Tuesday, 29 July 2014

The Olympic Cauldron

Where did you watch the opening ceremony of the London Olympic games? I watched it with Mr M in the old flat sat at our dining table. We weren't expecting much - we were half expecting to turn over with an 'oh well'. Two hours later, we were still rooted to our seats. Danny Boyle had conjured up the most incredible spectacle - the industrial chimneys had risen, the NHS beds had twirled, the teams had paraded, the rings were ablaze, we'd decided to buy the album and then, James Bond rocked up, the royal corgis had cameos, the Queen had hopped out of a helicopter, there was a David Beckham moment, and then the torch bearers arrived - the former Olympians handing their torches to the next generation. And then silence. Breaths held. Ethereal music as phoof, phoof, phoof, phoof, phoof, each petal ignited and then on long spindly arms they drew upright to form the cauldron. It was simply perfect.
Now - it was only afterwards that we discovered that our neighbour, as one of the games makers, had been part of the dress rehearsal. And then I saw Thomas Heatherwick speak at the Global Design Forum about the cauldron (the project code name was the named after their spaniel) and that breath holding moment. I developed a design crush on Mr H before the Olympics after we watched his Ted talk about the Seed Cathedral and the new Routemaster. And then there was the moment that I was too shy to say hello at the V&A, just after I'd side-swiped Zaha Hadid with my handbag (oh, the shame) and scuttled home. Then I saw him speak at a dinner - about the garden bridge project. And then I was lucky enough to bag an invite to the opening of the Olympic Cauldron at the Museum of London last Thursday (spied Grayson Perry - all very exciting - fabulously coordinated make up and dress). Mr H was stood just to my right as I took these shots. He was being mobbed, and I didn't want to be another mobbee. So I played it cool, and ignored him. Oh dear, this makes me sound like a stalker - dear reader, entirely unintentional. Next time, because this is likely given the current track record, I will say hello and gush just a little bit and then make my excuses due to excessive flustering. A glass or two of champagne courage will be required.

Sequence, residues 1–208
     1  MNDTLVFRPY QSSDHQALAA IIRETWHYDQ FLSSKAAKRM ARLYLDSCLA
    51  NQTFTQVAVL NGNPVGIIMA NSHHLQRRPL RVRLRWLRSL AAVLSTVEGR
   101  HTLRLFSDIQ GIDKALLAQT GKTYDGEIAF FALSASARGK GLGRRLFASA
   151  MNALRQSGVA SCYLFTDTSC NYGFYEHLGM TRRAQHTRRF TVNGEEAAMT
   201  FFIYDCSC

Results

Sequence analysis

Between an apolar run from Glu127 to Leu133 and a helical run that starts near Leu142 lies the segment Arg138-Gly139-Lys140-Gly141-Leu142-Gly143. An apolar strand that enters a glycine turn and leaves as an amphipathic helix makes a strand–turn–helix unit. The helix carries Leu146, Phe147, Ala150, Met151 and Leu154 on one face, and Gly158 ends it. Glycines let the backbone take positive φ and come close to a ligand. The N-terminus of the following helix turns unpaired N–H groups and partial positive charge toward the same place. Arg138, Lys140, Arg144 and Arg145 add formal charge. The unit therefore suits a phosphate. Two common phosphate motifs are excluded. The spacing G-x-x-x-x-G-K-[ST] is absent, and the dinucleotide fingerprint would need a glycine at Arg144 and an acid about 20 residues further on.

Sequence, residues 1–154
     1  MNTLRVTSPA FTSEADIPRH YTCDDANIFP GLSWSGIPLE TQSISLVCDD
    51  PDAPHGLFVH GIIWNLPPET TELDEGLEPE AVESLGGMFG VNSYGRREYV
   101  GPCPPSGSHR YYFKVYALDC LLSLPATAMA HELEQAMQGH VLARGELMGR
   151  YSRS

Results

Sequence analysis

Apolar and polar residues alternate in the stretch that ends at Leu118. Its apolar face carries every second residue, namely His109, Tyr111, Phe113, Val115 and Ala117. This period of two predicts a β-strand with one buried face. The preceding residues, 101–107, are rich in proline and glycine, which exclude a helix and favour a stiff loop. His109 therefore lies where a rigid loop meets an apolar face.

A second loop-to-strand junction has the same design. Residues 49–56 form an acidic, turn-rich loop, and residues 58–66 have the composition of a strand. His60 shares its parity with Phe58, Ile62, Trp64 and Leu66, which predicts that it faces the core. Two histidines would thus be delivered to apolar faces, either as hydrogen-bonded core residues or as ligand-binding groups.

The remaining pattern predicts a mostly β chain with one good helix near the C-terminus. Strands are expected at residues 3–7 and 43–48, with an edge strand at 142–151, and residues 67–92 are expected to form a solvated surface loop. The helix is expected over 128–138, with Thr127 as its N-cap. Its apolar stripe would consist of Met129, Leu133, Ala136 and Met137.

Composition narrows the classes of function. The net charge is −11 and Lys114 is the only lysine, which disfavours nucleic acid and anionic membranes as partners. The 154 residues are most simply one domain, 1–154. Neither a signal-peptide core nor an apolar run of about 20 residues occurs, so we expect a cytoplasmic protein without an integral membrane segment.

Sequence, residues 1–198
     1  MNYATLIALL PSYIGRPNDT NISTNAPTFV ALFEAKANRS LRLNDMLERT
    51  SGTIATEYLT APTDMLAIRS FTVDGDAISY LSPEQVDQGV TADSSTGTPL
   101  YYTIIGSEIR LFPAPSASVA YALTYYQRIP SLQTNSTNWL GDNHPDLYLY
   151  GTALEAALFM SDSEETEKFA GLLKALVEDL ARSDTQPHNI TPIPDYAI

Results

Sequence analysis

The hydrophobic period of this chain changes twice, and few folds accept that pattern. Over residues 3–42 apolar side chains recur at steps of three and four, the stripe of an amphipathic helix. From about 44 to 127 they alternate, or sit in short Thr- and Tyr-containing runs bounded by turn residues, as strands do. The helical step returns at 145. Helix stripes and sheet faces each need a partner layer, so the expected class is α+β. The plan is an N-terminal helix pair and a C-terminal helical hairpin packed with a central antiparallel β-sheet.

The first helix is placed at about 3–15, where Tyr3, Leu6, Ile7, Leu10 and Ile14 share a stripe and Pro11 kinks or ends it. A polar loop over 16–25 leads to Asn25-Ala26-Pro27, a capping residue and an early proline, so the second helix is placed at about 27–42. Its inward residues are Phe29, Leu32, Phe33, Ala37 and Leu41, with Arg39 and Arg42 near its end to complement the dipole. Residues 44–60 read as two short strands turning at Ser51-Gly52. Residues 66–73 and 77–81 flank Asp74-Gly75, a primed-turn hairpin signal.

Oh, the Olympic cauldron, sorry, yes. So, the exhibit at the Museum of London is really well done - they have a gallery of London Olympic games sketches completed during the games as well as Kapoor's original sketches of his ArcelorMittal Orbit. The cauldron itself has its own special room. For some reason I thought it would be outside. And lit. Silly me. It is magnificent despite the lack of pyrotechnics - I don't want to spoil too much. If you get the chance, do go. The Museum of London is an absolute gem. It has a brilliant shop, and fabulous cafe that spills outside, and much of the exhibitions are free including the Olympic cauldron. It's a 5-10 minute walk from St Paul's Cathedral. 


  1. How exciting to go to the opening and see both Thomas Heatherwick and Grayson Perry! Haven't been to the Museum of London in years--must remedy that soon. x

  2. I was so excited when I saw the title of your post! It was great to have a sneak peek into the exhibition and now I'm so looking forward to see it. I don't think I'll ever tire of anything London 2012 related! x

  3. When I realised just how symbolic the cauldron was, I jumped up and down and cried. Loved every second of it! And the writer, Frank Cottrell Boyce, is a local boy for me, having been taught by my Mum and Aunty at the same school I went to!
    Hopefully I can make it to London later this year and go to see the cauldron, although, like you, I will be so disappointed that it isn't lit up!